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NavSource Online: Amphibious Photo Archive


International Radio Call Sign:
November - Echo - Charlie - Mike
Awards, Citations and Campaign Ribbons

Precedence of awards is from top to bottom, left to right
Top Row - China Service Medal (extended) - American Campaign Medal - European-Africa-Middle East Campaign Medal (2)
Bottom Row - Asiatic-Pacific Campaign Medal - World War II Victory Medal - Navy Occupation Service Medal (with Asia clasp)

LST-491 Class Tank Landing Ship:
  • Laid down, 9 November 1943, at Missouri Valley Bridge and Iron Co., Evansville, IN.
  • Launched, 10 January 1944
  • Commissioned USS LST-539, 17 February 1944, ENS. Thurman J. Austin USN in command
  • During World War II USS LST-539 was first assigned to the Europe-Africa-Middle East Theater and later to the Asiatic-Pacific Theater and participated in the following campaigns

    European-Africa-Middle East Campaigns
    Campaign and Dates Campaign and Dates
    Convoy UGS-37, 11 to 13 April 1944 Invasion of Normandy, 6 to 25 June 1944

  • While assigned to the Asiatic-Pacific Theater USS LST-539 came under the command of;
    LST Flotilla Thirty-Seven, CAPT. Riley;
    LST Group One Hundred Nine, CDR. E. W. Wilson USNR;
    LST Division Two Hundred-Seventeen
  • Following World War II USS LST-539 was assigned to Occupation and China service in the Far East for the following periods:

    Navy Occupation Service Medal

    China Service Medal (extended)
    16 to 29 October 19455 to 27 December 1945

  • Decommissioned, 22 June 1946
  • Struck from the Naval Register, 31 July 1946
  • USS LST-539 earned two battle stars for World War II service
  • Final Disposition, sold for scrapping, 22 April 1948, to Bethlehem Steel Co., Bethlehem, PA.
    1,625 t.(lt)
    4,080 t.(fl) (sea-going draft w/1675 ton load)
    2,366 t. (beaching displacement)
    Length 328' o.a.
    Beam 50'
    light 2' 4" fwd, 7' 6" aft
    sea-going 8' 3" fwd, 14' 1" aft
    landing 3' 11" fwd, 9' 10" aft (landing w/500 ton load)
    limiting 11' 2"
    maximum navigation 14' 1"
    Speed 11.6 kts. (trial)
    Endurance 24,000 miles @ 9kts. while displacing 3960 tons
    13 officers
    104 enlisted
    Troop Accommodations
    16 officers
    147 enlisted
    Boats 2 LCVP
    Cargo Capacity (varied with mission - payloads between 1600 and 1900 tons)
    Typical loads
    One Landing Craft Tank (LCT), tanks, wheeled and tracked vehicles, artillery, construction equipment and military supplies. A ramp or elevator forward allowed vehicles access to tank deck from main deck
    Additional capacity included sectional pontoons carried on each side of vessel amidships, to either build Rhino Barges or use as causeways. Married to the bow ramp, the causeways would enabled payloads to be delivered ashore from deeper water or where a beachhead would not allow the vessel to be grounded forward after ballasting
    Armament (varied with availability when each vessel was outfitted. Retro-fitting was accomplished throughout WWII. The ultimate armament design for United States vessels was
    2 - Twin 40MM gun mounts w/Mk. 51 directors
    4 - Single 40MM gun mounts
    12 single 20MM gun mounts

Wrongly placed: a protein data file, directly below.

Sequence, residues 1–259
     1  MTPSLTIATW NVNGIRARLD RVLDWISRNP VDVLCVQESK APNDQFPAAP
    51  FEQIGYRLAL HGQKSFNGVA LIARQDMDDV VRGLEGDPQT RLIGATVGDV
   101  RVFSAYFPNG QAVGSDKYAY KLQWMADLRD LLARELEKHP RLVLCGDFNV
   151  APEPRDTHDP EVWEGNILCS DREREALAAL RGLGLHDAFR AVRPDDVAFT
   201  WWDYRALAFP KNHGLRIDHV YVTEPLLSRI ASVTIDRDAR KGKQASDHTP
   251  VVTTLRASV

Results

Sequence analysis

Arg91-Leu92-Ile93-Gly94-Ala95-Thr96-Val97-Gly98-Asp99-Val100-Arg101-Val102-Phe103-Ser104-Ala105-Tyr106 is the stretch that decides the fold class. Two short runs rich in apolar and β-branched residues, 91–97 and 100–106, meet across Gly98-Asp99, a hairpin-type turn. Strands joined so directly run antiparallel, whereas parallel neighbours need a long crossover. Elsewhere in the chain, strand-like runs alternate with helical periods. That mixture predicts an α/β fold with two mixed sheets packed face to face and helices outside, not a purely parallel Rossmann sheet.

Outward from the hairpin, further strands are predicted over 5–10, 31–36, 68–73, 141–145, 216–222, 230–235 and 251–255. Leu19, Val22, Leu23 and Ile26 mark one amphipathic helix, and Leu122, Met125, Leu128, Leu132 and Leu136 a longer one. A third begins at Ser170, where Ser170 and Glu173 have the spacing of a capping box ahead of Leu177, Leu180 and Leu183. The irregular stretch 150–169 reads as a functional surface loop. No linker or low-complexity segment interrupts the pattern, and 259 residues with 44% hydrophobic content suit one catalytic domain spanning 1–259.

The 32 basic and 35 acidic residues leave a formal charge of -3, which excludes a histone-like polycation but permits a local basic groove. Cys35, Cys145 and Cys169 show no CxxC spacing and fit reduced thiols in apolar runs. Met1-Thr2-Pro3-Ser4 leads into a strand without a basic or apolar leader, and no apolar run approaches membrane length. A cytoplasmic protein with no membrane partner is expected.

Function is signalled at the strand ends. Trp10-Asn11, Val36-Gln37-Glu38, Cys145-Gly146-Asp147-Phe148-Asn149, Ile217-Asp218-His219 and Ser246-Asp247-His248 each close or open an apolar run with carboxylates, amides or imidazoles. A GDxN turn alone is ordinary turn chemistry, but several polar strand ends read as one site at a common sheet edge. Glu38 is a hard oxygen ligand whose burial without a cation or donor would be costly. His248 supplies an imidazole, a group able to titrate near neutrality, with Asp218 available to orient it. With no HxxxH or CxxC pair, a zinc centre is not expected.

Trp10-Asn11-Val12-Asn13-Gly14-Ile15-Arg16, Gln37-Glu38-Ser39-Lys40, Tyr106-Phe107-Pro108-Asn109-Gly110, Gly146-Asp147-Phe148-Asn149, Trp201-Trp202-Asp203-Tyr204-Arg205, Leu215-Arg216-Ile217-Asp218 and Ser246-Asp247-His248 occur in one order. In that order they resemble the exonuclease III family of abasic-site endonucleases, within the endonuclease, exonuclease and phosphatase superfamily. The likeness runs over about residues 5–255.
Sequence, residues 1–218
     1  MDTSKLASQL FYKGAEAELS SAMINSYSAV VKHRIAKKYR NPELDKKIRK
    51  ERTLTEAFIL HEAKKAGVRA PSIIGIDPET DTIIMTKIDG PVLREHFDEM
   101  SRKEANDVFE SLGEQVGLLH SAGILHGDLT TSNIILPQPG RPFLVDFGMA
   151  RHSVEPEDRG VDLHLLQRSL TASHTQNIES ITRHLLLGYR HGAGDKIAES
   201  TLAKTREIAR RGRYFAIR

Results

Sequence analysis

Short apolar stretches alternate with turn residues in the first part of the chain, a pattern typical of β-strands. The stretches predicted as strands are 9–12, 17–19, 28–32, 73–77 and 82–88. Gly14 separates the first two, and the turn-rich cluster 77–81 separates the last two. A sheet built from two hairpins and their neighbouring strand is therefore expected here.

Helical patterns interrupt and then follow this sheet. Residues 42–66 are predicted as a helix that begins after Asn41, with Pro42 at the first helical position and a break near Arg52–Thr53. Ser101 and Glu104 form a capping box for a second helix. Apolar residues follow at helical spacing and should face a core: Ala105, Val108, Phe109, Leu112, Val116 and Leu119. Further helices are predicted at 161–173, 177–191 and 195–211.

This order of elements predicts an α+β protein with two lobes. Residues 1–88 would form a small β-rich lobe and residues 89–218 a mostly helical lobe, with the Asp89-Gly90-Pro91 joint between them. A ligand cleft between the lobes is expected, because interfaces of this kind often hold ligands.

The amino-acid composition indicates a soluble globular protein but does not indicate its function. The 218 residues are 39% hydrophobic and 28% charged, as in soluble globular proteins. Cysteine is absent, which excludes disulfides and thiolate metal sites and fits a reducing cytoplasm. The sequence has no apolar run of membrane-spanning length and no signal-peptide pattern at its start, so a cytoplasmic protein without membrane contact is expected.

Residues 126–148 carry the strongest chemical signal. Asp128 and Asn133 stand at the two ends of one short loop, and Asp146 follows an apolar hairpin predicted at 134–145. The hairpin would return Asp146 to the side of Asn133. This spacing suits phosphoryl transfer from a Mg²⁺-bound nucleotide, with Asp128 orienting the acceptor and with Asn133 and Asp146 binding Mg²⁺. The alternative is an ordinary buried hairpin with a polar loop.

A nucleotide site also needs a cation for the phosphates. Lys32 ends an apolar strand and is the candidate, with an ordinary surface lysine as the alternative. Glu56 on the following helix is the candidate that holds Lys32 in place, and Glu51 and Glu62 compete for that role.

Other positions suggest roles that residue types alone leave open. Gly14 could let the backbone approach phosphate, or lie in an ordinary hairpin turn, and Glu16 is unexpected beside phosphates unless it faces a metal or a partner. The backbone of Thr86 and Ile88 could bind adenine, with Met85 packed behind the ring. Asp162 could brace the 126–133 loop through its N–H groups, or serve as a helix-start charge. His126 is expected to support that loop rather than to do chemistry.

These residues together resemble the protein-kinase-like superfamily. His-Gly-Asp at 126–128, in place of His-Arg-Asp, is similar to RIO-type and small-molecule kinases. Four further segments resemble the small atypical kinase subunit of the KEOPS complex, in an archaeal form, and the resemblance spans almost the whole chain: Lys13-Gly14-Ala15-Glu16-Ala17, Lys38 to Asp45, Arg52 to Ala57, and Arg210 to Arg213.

Fuel Capacity
    Diesel 4,300 Bbls
    two General Motors 12-567A, 900hp Diesel engines
    single Falk Main Reduction Gears
    three Diesel-drive 100Kw 230V D.C. Ship's Service Generators
    two propellers, 1,700shp
    twin rudders

    Click On Image
    For Full Size Image
    Size Image Description Source
    LST-539 63k USS LST-539 crew photo, date and location unknown. Alan Abrams for his father S.D. Abrams MM3/c USS LST-539
    LST-539 328k Sketch of USS LST-539 This sketch was done by someone the ship picked up in North Africa, apparently from the French underground. The sketch was given to the ship's baker, in return for some pastry. Alan Abrams for his father S.D. Abrams MM3/c USS LST-539
    LST-539 243k USS LST-539 loading US Army trucks at Hardway, Gosport, Hampshire, England. They are reversing onto the ship so that on reaching Normandy they will be able to drive straight onto the beach. USS LST-512 is preparing to beach on the ramp alongside USS LST-539 to take on her cargo of waiting vehicles. Portsmouth harbor is in the background. Photo source unknown. Photos from "D-Day In Photographs by Portsmouth City Council", The History Press. ISBN 978 7524 7479 3. This photo can be dated based on personnel log entries of Sheldon D Abrams, RM3/c crew member of USS LST-539. The ship was at Portsmouth on three separate occasions, 29 June and 6 and 8 July 1944. Robert Hurst

    USS LST-539
    Dictionary of American Naval Fighting Ships (DANFS)
    Commanding Officers
    01ENS. Austin, Thurman Johnston, USN17 February 1944 - May 1945
    02LTjg. Brownson, J. L., USNR/b>May1945 - December 1945
    03LTjg. Chiara, J. A.,USNR/b>December 1945 - 22 February 1946
    Courtesy Wolfgang Hechler and Ron Reeves

    Crew Contact And Reunion Information
    U.S. Navy Memorial Foundation - Navy Log
    Additional Resources and Web Sites of Interest
    Notebook of S.D. Abrams MM3/c USS LST-539
    The USS LST Ship Memorial
    LST Home Port
    State LST Chapters
    United States LST Association
    Back To the Navsource Photo Archives Main Page Back To The Amphibious Ship Type Index Back To The Tank Landing Ship (LST) Photo Index
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    This page is created by David W. Almond and maintained by Gary P. Priolo
    All pages copyright NavSource Naval History
    Last Updated 29 July 2016